Liturgical Liaisons

The Textual Body, Irony, and Betrayal in John Donne and Emily Dickinson

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Jamey Heit
  • Cambridge, England: 
    Lutterworth Press
    , August
     222 pages.
     For other formats: Link to Publisher's Website.


When Jesus offers his body as a promise to his disciples, he initiates a liturgical framework that is driven by irony and betrayal. Through these deconstructive elements, however, the promise invites the disciples into an intimate space where they anticipate the fulfilment of what is to come. The Last Supper, symbol of unfinished life and sacrifice, becomes the common thread between John Donne and Emily Dickinson, whose poetics acquire liturgical – and therefore eschatological – features, and body and text become the same.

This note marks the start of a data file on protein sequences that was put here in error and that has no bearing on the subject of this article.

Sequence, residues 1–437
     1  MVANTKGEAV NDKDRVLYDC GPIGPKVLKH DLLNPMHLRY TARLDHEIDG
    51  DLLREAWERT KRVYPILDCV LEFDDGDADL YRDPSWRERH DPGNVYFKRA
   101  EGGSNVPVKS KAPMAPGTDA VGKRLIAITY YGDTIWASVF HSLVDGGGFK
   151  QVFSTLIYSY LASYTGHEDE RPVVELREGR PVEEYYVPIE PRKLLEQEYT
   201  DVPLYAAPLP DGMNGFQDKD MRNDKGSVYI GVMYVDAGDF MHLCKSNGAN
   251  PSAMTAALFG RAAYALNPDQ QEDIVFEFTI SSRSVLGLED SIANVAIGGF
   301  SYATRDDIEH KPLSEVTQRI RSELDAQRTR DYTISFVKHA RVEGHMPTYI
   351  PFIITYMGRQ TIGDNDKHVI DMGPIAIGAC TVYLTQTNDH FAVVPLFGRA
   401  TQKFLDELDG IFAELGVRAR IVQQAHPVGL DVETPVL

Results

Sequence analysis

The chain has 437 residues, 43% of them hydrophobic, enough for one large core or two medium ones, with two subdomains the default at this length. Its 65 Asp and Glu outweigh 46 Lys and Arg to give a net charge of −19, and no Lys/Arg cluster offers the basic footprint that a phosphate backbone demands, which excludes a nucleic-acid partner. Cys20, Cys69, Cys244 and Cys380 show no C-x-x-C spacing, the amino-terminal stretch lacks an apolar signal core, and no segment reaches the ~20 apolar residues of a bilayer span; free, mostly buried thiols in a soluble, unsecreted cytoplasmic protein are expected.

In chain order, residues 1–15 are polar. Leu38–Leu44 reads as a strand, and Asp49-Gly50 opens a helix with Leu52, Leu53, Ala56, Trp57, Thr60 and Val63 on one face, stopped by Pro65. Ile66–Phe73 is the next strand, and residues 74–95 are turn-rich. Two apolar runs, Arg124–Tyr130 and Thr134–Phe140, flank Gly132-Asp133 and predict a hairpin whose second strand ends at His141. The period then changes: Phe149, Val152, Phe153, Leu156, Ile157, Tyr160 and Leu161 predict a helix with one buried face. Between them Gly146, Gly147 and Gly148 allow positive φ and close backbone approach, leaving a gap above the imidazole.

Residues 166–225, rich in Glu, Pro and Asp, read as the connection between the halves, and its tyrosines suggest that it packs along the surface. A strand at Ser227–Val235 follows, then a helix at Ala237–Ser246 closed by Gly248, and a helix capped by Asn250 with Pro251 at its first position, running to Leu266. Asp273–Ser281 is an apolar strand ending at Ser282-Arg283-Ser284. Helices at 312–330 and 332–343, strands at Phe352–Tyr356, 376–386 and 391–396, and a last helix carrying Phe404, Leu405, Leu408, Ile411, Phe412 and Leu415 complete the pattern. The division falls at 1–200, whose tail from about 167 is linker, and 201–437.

By tracing the displacing and yet co-ordinating theme of the body as a textual presence, Liturgical Liaisons opens into new readings of Donne and Dickinson in a way that enriches how these figures are understood as poets. The result is a risky and rewarding understanding of how these two gurus challenged accepted theological norms of their day.

About the Author(s)/Editor(s)/Translator(s): 

Jamey Heit holds his doctorate from Glasgow University's Centre for Literature, Theology and the Arts. He is the author of multiple books and has presented his work at a variety of international conferences.


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